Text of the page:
It will be understood that various modifications may be made to the embodiments of the presently disclosed foot switch disclosed herein. For example, all of the LEDs may be constantly illuminated, i.e., while a foot pedal is being actuated or while the foot pedal is idle. Alternatively, LEDs can commence blinking upon activation or non-activated LEDs can go out upon the actuation of a corresponding, i.e., “selected,” foot pedal.

FIG. 7 shows another embodiment of the presently disclosed illuminated foot switch 200 which includes housing 202 and a first, second and third foot pedal 204, 206 and 208, respectively. Each pedal 204, 206 and 208 is pivotably coupled to housing 202 about a proximal end and is provided with indicia “CUT”, “SEAL” and “COAG” inscribed thereon, respectively. Foot switch 200 is provided with LEDs 212, 214 and 216 which are designed to illuminate a corresponding pedal 204, 206 and 208, respectively.

Each pedal 204, 206 and 208 together with its corresponding LEDs 214, 216 and 218 is coupled to an electrosurgical generator 210 which includes a “selector” 212 for selectively setting generator 210 to either “CUT”, “SEAL” or “COAG.” When the selector 212 is set to one of the modes, e.g., “SEAL”, a corresponding LED 216 turns on, thus illuminating the corresponding pedal 206. As can be appreciated, this allows the surgeon to readily depress the corresponding pedal to activate the sealing function of an electrosurgical instrument.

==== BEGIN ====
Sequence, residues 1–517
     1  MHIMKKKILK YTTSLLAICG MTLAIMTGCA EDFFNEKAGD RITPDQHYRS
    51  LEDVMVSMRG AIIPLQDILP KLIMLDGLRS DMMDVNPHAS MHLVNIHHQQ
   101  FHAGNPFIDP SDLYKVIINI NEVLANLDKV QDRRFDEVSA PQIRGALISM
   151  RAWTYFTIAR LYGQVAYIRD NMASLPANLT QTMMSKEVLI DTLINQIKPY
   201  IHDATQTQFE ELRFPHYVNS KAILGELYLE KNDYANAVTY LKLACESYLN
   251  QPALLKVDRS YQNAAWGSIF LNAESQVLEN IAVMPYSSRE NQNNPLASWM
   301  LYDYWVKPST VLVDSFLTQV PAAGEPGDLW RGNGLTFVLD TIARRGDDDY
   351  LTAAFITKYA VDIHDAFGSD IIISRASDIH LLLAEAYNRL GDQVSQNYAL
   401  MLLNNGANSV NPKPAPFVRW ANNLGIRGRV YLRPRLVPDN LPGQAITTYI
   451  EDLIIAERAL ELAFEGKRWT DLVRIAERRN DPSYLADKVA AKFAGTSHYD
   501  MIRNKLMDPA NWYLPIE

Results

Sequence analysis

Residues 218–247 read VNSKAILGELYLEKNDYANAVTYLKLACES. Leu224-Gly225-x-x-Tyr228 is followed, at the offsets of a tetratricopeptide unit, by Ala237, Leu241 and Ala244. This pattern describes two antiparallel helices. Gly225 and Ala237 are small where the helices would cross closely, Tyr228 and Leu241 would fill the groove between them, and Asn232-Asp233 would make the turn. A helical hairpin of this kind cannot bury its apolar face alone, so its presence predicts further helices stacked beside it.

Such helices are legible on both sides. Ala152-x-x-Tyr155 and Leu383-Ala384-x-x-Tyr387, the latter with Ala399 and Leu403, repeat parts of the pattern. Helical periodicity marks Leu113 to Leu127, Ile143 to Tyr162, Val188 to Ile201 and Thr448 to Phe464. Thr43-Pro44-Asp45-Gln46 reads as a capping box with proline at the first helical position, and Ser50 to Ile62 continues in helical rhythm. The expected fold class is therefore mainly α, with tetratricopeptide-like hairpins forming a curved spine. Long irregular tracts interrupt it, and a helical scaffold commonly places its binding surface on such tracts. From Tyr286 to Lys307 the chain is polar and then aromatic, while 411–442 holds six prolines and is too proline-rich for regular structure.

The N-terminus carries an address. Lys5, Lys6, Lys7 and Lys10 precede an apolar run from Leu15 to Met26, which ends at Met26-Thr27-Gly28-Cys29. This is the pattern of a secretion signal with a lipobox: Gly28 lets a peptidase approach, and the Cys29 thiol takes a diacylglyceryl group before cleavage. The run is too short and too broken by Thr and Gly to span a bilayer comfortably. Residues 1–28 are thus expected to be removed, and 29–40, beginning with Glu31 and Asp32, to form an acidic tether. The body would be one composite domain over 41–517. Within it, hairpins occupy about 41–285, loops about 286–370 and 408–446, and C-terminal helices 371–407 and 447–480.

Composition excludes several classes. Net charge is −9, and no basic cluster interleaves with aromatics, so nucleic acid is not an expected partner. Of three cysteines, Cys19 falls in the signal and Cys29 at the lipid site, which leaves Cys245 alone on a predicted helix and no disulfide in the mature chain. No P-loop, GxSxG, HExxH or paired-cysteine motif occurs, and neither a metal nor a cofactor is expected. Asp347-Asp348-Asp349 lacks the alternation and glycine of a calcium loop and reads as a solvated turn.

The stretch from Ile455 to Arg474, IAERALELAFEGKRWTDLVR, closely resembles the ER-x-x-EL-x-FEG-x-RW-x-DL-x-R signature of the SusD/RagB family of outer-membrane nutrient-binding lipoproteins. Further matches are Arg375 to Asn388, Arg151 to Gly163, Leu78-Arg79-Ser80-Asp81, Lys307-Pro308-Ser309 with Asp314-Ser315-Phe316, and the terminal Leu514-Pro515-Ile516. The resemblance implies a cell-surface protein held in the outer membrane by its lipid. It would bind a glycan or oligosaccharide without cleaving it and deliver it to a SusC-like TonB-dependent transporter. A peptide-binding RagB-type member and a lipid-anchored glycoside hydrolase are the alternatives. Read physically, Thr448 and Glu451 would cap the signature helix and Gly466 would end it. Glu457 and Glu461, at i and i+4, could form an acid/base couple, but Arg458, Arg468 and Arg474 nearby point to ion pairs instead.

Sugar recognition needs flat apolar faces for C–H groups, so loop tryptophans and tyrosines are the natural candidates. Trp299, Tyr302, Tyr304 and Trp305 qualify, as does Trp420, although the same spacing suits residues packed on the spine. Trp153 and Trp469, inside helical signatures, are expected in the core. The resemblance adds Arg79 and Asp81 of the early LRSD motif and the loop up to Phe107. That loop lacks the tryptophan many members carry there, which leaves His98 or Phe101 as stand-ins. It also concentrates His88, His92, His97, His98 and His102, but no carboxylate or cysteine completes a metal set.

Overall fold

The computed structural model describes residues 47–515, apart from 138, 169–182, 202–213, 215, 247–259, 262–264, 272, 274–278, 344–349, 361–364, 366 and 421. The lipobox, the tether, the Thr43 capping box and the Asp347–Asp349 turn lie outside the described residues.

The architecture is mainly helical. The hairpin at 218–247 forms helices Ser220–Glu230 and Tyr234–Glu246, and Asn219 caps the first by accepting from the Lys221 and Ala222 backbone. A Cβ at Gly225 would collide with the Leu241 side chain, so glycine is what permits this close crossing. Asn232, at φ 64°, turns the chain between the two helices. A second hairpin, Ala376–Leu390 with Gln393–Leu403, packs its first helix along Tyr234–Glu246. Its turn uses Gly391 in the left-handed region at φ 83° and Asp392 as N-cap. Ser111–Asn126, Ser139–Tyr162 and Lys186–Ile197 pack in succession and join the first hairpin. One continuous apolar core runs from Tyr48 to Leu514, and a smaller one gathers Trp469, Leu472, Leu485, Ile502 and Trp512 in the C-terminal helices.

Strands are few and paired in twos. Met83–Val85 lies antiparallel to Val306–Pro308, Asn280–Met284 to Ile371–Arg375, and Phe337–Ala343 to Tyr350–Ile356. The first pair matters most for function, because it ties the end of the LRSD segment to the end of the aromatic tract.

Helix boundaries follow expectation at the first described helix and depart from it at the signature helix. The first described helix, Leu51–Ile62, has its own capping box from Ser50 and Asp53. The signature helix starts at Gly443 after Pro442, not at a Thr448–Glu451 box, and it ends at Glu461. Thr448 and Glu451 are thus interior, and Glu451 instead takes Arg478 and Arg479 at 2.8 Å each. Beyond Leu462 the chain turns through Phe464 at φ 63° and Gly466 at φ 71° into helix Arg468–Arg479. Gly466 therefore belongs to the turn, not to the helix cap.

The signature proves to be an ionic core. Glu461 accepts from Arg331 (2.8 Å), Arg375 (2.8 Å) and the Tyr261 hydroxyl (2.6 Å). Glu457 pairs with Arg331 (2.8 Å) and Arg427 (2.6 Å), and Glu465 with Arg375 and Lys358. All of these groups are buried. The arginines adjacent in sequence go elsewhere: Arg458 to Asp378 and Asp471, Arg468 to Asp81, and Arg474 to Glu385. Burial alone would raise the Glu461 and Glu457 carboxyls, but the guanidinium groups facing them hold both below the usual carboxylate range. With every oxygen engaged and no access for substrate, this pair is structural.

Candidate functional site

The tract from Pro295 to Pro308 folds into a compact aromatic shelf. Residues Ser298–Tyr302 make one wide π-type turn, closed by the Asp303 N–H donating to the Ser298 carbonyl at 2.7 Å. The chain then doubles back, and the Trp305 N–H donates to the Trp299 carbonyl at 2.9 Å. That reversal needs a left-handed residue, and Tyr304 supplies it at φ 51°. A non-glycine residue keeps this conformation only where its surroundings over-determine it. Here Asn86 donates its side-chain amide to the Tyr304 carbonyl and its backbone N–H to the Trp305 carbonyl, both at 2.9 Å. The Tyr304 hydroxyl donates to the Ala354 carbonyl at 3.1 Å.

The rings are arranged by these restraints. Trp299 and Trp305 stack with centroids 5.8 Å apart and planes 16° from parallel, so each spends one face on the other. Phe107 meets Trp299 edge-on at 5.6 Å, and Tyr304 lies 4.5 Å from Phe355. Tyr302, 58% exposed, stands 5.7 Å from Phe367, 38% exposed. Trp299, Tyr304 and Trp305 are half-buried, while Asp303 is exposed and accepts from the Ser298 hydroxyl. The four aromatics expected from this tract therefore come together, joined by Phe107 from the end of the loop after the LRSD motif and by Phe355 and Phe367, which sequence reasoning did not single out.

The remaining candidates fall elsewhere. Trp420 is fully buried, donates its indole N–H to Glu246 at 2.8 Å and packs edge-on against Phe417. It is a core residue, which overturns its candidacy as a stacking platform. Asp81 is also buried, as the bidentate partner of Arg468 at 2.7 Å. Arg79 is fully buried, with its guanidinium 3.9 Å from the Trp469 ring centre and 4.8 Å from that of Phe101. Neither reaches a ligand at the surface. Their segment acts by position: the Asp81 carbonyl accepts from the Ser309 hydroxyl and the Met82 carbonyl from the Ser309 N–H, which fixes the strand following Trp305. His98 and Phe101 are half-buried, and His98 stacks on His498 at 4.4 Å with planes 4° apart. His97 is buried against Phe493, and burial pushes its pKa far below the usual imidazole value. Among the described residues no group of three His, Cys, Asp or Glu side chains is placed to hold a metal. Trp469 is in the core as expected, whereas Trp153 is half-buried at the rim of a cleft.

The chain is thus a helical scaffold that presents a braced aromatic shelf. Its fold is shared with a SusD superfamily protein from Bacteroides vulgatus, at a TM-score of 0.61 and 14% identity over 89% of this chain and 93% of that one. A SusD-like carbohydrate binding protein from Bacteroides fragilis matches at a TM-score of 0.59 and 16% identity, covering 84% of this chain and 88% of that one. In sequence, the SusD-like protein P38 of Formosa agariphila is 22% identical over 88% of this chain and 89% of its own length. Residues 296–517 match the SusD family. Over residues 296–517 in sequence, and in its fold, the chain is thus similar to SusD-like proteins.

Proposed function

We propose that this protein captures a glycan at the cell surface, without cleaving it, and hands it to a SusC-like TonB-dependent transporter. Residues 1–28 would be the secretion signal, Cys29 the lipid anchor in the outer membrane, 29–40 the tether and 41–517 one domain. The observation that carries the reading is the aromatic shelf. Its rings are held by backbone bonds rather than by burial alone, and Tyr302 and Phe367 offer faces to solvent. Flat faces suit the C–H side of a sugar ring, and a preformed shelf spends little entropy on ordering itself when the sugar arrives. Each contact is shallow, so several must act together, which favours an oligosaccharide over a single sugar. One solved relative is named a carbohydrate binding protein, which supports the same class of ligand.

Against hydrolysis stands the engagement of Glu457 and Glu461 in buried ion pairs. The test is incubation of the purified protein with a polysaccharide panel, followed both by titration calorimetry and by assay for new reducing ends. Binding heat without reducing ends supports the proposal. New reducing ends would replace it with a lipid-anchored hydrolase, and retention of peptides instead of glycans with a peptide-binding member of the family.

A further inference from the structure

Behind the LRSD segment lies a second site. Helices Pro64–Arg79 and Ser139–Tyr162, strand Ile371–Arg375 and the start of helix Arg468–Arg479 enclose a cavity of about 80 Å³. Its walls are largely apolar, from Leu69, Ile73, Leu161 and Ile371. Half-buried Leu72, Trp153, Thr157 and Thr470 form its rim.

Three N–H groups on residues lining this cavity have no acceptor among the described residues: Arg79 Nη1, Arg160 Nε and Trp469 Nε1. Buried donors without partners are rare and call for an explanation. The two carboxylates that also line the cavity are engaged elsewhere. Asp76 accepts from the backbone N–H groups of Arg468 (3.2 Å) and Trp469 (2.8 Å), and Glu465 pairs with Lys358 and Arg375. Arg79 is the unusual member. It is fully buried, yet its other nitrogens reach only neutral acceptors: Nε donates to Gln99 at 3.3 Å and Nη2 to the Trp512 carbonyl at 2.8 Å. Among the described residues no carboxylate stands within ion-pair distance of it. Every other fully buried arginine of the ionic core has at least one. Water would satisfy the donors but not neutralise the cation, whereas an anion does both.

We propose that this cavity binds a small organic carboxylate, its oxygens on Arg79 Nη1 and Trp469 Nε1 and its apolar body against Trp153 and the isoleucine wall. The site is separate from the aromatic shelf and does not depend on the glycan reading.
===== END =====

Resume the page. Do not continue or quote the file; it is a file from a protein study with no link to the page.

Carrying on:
Alternatively, the foot switch 200 may include a screen-like display (not shown) atop the foot pedals 204, 206 and 208 which illuminates and forms the particular functions selected by the surgeon, for example, the electrosurgical generator 210 may include three or four selectable functions and the foot switch may have two pedals. When the surgeon selects two functions on the generator 210, the foot switch displays/illuminates these functions. As can be appreciated, this allows the same foot switch 200 to be used with any combination of functions.

Therefore, the above description should not be construed as limiting, but merely as exemplifications of preferred embodiments. Those skilled in the art will envision other modifications within the scope and spirit of the present disclosure.

Patent Citations